Wartime Translator Explores Her 'Father's Country'
As an Afghan-American woman, Saima Wahab straddles two worlds — disparate places that have been brought together over the past decade by war.
Wahab has literally mediated those two worlds. As a Pashto translator and cultural adviser for the U.S. military in Afghanistan, she often found herself standing between American soldiers and Afghan civilians.
In her new memoir, In My Father's Country: An Afghan Woman Defies Her Fate, Wahab writes about leaving Afghanistan as a young girl, growing up in the United States and later returning to her birth country.
Wahab says she titled the book in reference to her father because he was always incredibly supportive of her. Traditionally, Pashtun men fire gunshots into the air when their wives deliver a son. But Wahab's father fired his gun when she was born, too.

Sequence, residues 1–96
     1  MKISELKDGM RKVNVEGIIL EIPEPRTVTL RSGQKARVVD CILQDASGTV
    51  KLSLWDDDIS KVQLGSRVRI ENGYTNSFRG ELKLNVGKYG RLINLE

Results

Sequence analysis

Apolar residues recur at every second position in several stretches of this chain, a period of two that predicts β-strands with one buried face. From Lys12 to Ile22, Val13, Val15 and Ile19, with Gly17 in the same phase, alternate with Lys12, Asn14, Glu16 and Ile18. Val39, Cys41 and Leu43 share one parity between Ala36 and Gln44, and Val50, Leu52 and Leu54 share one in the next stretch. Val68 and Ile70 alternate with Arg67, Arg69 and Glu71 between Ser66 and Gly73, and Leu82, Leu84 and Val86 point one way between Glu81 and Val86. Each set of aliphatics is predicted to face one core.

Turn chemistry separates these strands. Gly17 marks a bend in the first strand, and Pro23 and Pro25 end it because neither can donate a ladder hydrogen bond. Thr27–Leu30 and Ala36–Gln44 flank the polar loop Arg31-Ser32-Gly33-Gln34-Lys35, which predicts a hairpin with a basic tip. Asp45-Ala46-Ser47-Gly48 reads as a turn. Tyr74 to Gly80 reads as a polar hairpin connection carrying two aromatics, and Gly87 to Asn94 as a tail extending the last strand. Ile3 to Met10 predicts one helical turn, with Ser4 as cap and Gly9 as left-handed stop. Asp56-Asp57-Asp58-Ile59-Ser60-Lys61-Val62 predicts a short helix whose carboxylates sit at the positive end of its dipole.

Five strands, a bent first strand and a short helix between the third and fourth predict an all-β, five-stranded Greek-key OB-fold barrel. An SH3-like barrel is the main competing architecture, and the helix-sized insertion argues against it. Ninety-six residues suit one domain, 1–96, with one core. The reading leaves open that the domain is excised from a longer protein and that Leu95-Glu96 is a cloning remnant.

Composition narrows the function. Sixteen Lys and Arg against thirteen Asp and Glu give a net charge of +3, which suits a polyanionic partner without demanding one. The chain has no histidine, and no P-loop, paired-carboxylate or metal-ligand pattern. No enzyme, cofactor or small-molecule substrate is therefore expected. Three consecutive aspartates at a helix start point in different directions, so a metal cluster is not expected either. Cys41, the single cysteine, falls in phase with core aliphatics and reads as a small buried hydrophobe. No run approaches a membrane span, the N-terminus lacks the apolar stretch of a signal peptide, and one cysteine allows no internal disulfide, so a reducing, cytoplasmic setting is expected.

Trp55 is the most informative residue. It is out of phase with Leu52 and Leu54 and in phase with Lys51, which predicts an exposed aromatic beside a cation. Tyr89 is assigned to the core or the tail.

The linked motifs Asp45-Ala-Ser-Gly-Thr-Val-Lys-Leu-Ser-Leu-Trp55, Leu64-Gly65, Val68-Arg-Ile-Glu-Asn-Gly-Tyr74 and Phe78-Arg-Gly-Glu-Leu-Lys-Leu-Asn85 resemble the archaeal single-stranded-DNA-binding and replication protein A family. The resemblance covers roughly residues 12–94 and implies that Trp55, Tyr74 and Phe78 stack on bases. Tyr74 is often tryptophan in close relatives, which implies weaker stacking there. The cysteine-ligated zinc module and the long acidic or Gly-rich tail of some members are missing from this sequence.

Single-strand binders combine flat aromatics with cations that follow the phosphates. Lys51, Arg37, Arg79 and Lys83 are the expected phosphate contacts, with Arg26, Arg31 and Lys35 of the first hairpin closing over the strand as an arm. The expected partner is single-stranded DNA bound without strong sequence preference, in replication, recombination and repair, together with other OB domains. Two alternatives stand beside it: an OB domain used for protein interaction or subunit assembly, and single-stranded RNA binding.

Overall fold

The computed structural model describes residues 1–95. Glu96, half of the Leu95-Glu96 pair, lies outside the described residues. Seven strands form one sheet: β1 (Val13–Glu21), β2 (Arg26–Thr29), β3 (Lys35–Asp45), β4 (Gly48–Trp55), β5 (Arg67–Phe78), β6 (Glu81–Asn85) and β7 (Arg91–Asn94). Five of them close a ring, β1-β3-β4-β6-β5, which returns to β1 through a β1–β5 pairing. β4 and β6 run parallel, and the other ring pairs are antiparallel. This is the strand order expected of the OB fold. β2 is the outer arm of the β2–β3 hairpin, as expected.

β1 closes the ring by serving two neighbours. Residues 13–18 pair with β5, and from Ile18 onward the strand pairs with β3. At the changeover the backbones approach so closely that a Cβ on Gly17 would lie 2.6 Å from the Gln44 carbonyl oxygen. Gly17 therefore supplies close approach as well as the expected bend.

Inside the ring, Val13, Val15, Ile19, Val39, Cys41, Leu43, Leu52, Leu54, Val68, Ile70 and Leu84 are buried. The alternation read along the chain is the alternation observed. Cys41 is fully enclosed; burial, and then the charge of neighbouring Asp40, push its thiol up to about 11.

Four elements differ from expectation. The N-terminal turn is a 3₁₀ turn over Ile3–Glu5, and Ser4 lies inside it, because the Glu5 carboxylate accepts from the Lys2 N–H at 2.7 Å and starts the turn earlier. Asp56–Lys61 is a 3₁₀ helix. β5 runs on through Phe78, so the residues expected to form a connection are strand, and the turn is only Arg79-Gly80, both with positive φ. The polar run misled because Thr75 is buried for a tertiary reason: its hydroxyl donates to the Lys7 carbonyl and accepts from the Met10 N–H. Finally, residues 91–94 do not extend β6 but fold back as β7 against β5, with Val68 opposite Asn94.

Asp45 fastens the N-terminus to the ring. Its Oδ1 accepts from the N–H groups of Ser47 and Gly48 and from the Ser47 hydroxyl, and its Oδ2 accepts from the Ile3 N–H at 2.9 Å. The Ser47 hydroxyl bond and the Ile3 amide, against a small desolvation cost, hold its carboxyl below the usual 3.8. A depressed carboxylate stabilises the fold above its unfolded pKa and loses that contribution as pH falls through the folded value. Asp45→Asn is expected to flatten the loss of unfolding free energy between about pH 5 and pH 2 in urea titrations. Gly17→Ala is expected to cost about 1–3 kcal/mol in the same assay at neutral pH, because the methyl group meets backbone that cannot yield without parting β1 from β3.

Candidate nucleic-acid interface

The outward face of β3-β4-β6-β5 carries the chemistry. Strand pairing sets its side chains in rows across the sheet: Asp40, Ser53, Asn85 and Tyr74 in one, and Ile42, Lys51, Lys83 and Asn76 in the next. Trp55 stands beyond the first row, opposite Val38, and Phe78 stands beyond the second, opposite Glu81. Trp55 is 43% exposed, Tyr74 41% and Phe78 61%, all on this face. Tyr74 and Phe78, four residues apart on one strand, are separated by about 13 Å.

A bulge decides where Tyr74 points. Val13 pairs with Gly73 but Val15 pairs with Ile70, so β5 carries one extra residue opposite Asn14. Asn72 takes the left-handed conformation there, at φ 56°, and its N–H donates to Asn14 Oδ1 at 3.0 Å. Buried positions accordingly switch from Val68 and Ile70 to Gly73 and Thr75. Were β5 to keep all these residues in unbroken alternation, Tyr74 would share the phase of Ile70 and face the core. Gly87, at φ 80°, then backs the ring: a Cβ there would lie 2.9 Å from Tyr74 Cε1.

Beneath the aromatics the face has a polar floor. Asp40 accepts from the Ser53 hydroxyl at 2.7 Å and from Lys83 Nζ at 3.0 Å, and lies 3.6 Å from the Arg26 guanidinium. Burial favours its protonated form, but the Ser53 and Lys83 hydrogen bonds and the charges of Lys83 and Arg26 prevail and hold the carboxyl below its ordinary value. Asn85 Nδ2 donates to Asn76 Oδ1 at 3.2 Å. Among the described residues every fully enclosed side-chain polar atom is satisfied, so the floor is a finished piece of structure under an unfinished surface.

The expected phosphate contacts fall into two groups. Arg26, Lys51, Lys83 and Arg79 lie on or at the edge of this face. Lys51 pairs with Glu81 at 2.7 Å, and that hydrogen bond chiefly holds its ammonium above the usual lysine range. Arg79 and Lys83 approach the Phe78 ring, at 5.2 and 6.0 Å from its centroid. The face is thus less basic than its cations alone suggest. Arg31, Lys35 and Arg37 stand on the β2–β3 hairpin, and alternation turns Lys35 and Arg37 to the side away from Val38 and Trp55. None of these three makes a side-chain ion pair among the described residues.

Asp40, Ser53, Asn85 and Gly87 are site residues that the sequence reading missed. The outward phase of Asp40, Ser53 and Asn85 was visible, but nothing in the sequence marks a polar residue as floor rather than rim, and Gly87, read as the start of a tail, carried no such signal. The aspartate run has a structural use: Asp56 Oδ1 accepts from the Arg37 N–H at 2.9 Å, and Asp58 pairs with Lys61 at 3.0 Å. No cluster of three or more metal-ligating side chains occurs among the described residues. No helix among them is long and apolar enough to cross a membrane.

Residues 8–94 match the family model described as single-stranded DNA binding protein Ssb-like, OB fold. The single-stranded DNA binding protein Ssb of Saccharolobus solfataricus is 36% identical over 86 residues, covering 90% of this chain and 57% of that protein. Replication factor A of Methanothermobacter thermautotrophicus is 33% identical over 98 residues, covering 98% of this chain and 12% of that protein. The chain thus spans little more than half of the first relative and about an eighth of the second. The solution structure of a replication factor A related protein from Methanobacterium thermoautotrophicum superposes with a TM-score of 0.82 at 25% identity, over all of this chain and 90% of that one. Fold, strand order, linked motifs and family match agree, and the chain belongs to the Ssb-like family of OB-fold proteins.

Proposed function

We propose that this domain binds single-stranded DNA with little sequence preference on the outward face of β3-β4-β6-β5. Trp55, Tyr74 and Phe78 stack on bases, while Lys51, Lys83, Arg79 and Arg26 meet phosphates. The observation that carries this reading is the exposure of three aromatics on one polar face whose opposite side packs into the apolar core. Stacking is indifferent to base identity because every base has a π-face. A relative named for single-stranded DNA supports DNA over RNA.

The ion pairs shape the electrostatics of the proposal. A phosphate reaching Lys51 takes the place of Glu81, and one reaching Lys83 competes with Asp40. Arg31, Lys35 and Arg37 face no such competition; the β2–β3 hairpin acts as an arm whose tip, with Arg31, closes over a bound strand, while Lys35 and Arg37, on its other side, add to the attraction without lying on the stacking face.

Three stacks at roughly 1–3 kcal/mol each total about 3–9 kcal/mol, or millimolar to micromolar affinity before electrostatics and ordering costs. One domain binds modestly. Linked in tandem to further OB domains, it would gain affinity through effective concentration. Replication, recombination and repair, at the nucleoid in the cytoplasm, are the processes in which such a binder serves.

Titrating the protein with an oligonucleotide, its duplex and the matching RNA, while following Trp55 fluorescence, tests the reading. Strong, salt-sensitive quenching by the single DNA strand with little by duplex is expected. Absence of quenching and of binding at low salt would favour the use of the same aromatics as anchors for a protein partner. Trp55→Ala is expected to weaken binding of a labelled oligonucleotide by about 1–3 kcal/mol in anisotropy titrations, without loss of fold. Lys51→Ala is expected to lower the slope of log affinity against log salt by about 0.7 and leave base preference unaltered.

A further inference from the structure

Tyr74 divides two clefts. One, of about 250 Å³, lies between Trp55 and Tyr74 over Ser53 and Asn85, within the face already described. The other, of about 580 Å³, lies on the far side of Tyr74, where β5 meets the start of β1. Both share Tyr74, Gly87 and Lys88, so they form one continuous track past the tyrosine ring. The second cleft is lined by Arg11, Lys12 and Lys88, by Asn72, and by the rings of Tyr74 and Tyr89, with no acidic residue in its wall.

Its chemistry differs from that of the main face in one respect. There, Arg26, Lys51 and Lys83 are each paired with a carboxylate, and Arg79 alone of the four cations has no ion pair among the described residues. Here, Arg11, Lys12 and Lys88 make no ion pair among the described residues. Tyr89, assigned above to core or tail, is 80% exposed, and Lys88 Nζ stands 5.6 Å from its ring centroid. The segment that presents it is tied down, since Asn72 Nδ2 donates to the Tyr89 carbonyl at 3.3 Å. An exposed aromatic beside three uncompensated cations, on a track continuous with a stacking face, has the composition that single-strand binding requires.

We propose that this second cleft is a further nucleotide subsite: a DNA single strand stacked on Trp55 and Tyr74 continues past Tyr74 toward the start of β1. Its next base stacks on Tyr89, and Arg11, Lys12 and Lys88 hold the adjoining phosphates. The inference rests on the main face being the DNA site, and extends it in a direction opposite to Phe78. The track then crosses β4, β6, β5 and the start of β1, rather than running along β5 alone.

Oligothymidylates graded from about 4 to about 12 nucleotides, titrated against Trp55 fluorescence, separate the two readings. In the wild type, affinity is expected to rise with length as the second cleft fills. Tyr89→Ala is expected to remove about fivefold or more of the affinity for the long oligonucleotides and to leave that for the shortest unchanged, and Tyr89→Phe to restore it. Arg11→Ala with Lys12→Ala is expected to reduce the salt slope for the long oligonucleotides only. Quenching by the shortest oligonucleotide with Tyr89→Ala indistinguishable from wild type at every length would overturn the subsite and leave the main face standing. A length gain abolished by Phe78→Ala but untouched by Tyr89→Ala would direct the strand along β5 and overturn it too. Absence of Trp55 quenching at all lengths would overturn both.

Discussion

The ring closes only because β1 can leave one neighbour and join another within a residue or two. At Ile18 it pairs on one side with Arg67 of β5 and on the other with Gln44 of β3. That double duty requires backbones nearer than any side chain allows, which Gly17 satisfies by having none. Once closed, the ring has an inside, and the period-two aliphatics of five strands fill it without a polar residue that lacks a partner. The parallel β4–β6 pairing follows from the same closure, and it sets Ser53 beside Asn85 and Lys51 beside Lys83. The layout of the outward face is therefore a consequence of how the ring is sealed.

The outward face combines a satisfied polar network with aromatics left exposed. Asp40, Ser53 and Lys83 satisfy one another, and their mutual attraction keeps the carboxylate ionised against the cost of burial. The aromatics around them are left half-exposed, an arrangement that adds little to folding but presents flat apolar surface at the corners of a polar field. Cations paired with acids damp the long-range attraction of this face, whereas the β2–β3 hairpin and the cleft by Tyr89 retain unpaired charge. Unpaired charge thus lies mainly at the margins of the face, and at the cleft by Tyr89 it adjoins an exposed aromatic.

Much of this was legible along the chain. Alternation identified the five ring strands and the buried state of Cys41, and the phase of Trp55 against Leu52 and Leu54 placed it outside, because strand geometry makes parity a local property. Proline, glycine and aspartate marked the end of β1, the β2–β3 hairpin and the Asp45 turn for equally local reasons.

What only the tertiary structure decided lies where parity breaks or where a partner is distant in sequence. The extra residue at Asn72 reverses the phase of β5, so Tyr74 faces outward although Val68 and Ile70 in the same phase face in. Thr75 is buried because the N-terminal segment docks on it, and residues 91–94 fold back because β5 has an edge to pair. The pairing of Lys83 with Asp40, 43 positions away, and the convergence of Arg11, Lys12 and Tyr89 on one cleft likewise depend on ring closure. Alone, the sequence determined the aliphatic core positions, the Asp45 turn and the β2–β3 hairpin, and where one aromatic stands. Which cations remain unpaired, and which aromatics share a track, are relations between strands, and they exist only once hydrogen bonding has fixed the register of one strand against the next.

"When he came out and did that, people assumed automatically that it was another son," Wahab says. "And he just told them, no, it was a daughter. To this day I talk about it very proudly, because he was so ahead of his times."
Wahab says she was afraid to return to her father's country, but not for the reasons one might expect. The perils of war didn't trouble her as much as the prospect of reconnecting with a country she left long ago.
"I was afraid I might have changed so much that I would go to the country of Afghanistan and hate it," she says. "I was never afraid for my safety. I was afraid of what I might find out about myself and my connection with Afghan people."
Wahab recently joined NPR's Rachel Martin to discuss exactly what she found out about herself, straddling cultures, Afghanistan and war.
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